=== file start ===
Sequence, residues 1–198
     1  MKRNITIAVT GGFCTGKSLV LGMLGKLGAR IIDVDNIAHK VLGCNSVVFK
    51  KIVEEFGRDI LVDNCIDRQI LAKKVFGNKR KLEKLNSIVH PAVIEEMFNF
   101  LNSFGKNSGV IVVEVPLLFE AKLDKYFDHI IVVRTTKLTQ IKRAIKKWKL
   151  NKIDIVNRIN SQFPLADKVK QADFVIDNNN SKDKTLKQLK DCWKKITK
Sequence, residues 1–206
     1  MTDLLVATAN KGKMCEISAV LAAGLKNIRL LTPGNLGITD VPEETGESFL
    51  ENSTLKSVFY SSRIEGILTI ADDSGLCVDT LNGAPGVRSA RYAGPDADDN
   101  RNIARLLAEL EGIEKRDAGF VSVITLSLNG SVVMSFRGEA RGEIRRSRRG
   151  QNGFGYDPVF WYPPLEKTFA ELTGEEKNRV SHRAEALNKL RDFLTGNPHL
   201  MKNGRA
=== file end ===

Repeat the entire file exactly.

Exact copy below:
Sequence, residues 1–198
     1  MKRNITIAVT GGFCTGKSLV LGMLGKLGAR IIDVDNIAHK VLGCNSVVFK
    51  KIVEEFGRDI LVDNCIDRQI LAKKVFGNKR KLEKLNSIVH PAVIEEMFNF
   101  LNSFGKNSGV IVVEVPLLFE AKLDKYFDHI IVVRTTKLTQ IKRAIKKWKL
   151  NKIDIVNRIN SQFPLADKVK QADFVIDNNN SKDKTLKQLK DCWKKITK
Sequence, residues 1–206
     1  MTDLLVATAN KGKMCEISAV LAAGLKNIRL LTPGNLGITD VPEETGESFL
    51  ENSTLKSVFY SSRIEGILTI ADDSGLCVDT LNGAPGVRSA RYAGPDADDN
   101  RNIARLLAEL EGIEKRDAGF VSVITLSLNG SVVMSFRGEA RGEIRRSRRG
   151  QNGFGYDPVF WYPPLEKTFA ELTGEEKNRV SHRAEALNKL RDFLTGNPHL
   201  MKNGRA